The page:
You’ll find Brave Space in Underbelly’s Circus Hub on the Meadows. The performance can be found in Beauty, one of the gorgeous spiegeltents, but you’ll spend much of the show in another tent altogether: a ‘safe space’ created when a parachute is hoisted aloft and then enfolds the audience, alongside the performers, in a joyous cocoon.
Aloft Circus Arts hail from Chicago and believe in making accessible circus that isn’t only about celebrating physical strength and artistry – though there’s plenty of that on show – but also in building empathy and creating experiences that all audience members can connect with. A brave space is one in which people feel not only comfortable and able to be themselves but able to grow in confidence and ability: a cracking premise for a circus show.
So the performers create their own – our own – brave space with this parachute. Pooled on the floor in the centre of the tent at the start of the show, the artistes balance and spin and fly, eventually raising it as high as the ceiling. Thus ensconced, we’re treated to a dazzling array of trickery: the Cyr wheel, trapeze, various aerial acts, hoops, juggling, acrobatics and more, all executed with an impressive amount of strength, grace and the sort of smile that fools you into thinking that these exploits are effortless.
The performers are all female and forge a lovely connection with the audience over the course of the show, helped by the proximity but also their gentle, non-intrusive ushering of us in and around the space. Unusually for a circus act, the audience themselves are invited to play a role, supporting poles from which the performers then rotate, hauling ropes from which they fly. It’s a brilliant way to bring this brave space to life. And there’s something wonderful about watching a maybe four-year-old boy helping an aerial artiste fly.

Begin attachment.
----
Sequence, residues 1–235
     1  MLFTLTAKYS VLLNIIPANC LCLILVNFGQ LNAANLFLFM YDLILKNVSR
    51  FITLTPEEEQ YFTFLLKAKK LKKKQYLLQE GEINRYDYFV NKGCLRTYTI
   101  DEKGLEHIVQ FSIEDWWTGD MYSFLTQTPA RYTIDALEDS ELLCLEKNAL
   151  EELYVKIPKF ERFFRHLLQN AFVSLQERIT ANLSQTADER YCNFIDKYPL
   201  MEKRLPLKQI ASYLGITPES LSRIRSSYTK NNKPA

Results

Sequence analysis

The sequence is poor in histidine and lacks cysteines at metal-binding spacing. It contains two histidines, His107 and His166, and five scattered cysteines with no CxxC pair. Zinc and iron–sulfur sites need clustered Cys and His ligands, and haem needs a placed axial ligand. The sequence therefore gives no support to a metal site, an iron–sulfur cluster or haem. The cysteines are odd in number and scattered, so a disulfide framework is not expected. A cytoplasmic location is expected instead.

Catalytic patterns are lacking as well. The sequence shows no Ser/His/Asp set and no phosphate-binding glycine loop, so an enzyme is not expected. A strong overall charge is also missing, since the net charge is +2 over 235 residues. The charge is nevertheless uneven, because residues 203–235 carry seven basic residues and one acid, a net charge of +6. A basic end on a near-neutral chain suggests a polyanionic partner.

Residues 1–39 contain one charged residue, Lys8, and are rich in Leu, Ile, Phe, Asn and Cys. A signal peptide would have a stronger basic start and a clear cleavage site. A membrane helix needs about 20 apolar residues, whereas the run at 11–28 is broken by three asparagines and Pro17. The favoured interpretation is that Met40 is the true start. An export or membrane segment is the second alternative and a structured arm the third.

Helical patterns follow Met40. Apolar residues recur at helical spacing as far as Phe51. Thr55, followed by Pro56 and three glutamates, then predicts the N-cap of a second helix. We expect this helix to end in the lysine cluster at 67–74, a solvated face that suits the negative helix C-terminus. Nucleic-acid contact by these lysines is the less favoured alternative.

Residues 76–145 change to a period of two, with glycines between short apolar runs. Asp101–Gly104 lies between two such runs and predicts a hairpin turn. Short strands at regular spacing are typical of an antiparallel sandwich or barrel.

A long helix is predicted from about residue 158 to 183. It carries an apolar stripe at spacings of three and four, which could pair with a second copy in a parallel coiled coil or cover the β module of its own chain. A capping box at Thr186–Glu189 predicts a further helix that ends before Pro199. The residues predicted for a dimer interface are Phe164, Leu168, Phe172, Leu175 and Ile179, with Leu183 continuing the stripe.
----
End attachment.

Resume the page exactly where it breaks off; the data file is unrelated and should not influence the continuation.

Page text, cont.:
Because the audience are invited to sit and briefly lie on the floor during the performance, you’re encouraged to set your bags to one side. For anyone who’d rather have a seat, this is arranged. And as some of the performers are in higher risk groups, the audience are all handed face coverings as you enter the tent. (Though you could save the planet and bring your own.) A really varied demographic ranging from tiny children to older adults embraced this performance, all captivated throughout.
If all of this has’t sold it to you, you should also know that there’s a perfectly magical moment involving an aerial act and Antony and the Johnsons beautiful song Girls Can Fly. Have you ever watched an aerial act while lying on your back looking up? Here’s your chance.